We're championing fresh food that packs a flavour punch, from salads and vegetable-packed bowls to grains and light desserts.
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Step away from the “dessert yoghurt", writes Will Studd. The real unadulterated thing is much more rewarding.
What happens the morning after the World’s 50 Best Restaurants awards? We treat the chefs to a world-beating yum cha session, as Dani Valent discovers.
Single-source honey putting community and sustainability next to sweetness.
More and more adventurous local winemakers are embracing Vermouth's botanicals, writes Max Allen.
Indonesia's Komodo National Park is home to staggering scenery and biodiversity. Michael Harden sets sail in a handcrafted yacht to explore its remote islands in pared-back luxury.
Cue the Champagne.
Australia saw some bold moves in the ’80s, and we’re not just talking hairstyles. Greater cultural references started peppering the menus of our restaurants, and home-grown ingredients won a new appreciation. The dining scene was coming of age and a new band of pioneers led the charge.
Leading chefs descend on Melbourne in April for The World’s 50 Best Restaurants. We asked local hospitality folk who they’d abduct for the day and where they’d take them to show off their city. There may be coffee, there may be culture, but in the end it’s cocktails.
Will your next baking project be a flaky puff pastry with pumpkin, goat's curd and thyme, or a classic bacon and Stilton tart? As autumn settles in, we're ticking these off one by one.
Baker extraordinaire Nadine Ingram of Sydney's Flour and Stone cooks up a sweet storm for Easter, including the much loved bakery's greatest hit.
Hobart is enjoying a wave of CBD restaurant openings. Add these to the top of your list.
Sydney’s Eleven Bridge to close. For real this time. Sort of. Again.
Whether baked into a bubbling crumble, caramelised in a puff-pastry tart or served in an all-American pie, apples are a classic filling for fruity desserts. Here are the recipes we keep coming back to.
Cue the Champagne.
Here, we've made the dough in a food processor, but it's really quick and simple to do by hand as well. If the dough seems a little too wet just add a little more flour.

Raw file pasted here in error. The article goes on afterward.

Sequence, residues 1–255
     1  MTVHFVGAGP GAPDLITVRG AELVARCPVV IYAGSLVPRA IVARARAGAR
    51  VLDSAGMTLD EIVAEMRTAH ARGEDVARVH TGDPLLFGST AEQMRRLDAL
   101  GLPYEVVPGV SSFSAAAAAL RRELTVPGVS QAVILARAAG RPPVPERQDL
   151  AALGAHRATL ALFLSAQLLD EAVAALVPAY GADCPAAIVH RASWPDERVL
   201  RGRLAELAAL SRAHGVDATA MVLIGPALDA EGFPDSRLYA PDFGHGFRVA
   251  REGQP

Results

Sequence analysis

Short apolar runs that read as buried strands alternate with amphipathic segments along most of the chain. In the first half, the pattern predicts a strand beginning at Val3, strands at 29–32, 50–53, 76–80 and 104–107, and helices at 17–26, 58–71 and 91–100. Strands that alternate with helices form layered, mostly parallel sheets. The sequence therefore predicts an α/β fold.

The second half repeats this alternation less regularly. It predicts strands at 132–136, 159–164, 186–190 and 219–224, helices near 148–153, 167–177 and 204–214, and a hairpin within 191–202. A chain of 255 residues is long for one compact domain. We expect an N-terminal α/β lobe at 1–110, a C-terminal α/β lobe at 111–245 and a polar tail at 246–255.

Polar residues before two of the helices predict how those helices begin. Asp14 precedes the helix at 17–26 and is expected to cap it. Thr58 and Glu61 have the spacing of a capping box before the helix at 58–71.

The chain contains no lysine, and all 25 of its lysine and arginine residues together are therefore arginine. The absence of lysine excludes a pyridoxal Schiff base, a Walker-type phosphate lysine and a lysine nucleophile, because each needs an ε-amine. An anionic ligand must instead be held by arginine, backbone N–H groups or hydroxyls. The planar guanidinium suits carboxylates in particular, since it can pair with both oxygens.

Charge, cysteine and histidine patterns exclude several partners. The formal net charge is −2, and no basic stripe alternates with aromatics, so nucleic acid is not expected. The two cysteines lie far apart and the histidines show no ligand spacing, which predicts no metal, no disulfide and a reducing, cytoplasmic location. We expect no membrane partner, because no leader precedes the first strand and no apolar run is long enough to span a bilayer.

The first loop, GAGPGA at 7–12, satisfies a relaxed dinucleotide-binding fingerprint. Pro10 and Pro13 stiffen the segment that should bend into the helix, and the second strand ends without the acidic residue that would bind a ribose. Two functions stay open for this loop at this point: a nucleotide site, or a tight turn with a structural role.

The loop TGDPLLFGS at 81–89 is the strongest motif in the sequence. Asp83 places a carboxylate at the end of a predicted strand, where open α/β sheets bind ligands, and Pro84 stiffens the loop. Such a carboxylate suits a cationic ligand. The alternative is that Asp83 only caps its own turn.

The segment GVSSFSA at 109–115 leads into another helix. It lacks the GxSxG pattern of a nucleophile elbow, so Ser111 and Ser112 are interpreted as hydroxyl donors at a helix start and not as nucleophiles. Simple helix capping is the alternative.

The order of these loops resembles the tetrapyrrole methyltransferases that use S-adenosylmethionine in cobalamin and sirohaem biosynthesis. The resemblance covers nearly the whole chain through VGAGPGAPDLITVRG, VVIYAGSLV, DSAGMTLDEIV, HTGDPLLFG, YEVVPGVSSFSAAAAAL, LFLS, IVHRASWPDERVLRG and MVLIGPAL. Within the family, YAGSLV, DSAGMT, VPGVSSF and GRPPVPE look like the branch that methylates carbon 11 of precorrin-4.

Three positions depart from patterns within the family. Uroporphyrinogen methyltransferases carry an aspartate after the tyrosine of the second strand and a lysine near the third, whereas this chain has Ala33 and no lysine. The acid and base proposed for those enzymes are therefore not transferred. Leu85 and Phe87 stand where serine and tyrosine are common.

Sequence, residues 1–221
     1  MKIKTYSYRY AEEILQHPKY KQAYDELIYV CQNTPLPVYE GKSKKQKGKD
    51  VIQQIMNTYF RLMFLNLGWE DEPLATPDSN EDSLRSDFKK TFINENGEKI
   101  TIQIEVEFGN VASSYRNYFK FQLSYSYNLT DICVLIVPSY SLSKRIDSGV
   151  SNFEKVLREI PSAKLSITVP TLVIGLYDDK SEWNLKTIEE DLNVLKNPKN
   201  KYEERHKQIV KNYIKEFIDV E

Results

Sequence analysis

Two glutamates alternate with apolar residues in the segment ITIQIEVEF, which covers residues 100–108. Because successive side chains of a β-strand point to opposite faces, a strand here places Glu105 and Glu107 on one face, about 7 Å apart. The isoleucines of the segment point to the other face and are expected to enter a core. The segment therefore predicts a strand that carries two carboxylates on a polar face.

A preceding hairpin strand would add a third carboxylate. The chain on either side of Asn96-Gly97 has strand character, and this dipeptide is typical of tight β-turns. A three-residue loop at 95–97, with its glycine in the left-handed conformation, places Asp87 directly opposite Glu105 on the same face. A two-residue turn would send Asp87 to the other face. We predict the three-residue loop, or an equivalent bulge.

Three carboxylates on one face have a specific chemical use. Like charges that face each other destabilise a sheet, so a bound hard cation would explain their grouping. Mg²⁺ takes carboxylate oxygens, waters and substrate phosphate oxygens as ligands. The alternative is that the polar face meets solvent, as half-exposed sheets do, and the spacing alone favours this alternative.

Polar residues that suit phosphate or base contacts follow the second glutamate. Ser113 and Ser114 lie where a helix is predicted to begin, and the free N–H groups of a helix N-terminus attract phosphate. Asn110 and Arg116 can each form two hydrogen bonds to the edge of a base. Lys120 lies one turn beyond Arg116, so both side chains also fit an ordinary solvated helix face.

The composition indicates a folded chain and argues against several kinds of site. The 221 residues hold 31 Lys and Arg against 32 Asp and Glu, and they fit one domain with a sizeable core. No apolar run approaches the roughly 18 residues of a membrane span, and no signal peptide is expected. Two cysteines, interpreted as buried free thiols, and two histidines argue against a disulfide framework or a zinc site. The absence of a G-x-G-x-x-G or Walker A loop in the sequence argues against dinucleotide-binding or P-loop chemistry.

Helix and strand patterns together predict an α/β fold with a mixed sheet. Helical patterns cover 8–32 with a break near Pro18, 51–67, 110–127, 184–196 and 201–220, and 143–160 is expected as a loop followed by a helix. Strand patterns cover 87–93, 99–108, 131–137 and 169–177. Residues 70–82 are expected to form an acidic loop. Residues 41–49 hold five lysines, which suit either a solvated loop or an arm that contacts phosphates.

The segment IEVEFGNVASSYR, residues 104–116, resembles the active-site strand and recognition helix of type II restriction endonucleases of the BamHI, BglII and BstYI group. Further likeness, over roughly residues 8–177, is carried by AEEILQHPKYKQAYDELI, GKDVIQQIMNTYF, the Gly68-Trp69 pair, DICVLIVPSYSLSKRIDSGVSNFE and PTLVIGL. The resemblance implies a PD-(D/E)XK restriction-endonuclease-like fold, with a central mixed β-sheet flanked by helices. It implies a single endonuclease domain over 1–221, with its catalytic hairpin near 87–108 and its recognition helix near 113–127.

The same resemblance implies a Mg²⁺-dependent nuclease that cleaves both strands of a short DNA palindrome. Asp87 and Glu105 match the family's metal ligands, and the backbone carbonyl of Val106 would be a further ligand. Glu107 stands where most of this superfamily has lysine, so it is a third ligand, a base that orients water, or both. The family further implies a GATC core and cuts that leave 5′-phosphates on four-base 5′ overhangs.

Discussing the real issues faced by chefs and producers.
"It's your steamboat and you'll steam if you want to," says Dan Hong. "This list of ingredients is just a guide. It's the stuff my family likes to have when we eat steamboat and there are usually a lot of us. Scale up or down the amount of options according to your taste or budget. The main thing is making sure your stock is perfect; the rest is up to you. I don't know the origins of supreme stock, but it's also known as superior stock. It's the base for shark-fin soup, and since shark-fin has very little flavour, the dish is nothing without a tasty stock. Supreme stock is also the basis of many other great soups, so this is a good recipe to perfect. It's traditionally made with Jinhua ham in China, the Chinese equivalent of prosciutto, while the rest of the ingredients vary. Mr Wong's recipe uses smoked ham hocks because they create that extra dimension of flavour. We also use dried shrimp and scallops to elevate the umami. Boiler chickens are fantastic to make stock with because they have a more chickeny flavour. Big flavour equals tasty stock. Jow Yu and I came up with this recipe at Ms G's and I've used it ever since. It's a winner. For the steamboat, it's developed into seasoned supreme stock. Things you'll need on the table: a portable gas burner, perforated ladle, soup ladle, a couple of pairs of little tongs and chopsticks." The supreme stock takes eight hours to cook, but can be made ahead.
Note Konnyaku noodles, fried tofu puffs, conpoy (a dried scallop product), beef balls and chrysanthemum are available from Asian grocers. Konbu extract is available from Japanese food shops; simmer a large piece of konbu in the stock as a substitute. This recipe is from Mr Hong ($49.99, hbk), published by Murdoch Books and has been reproduced with GT style changes.
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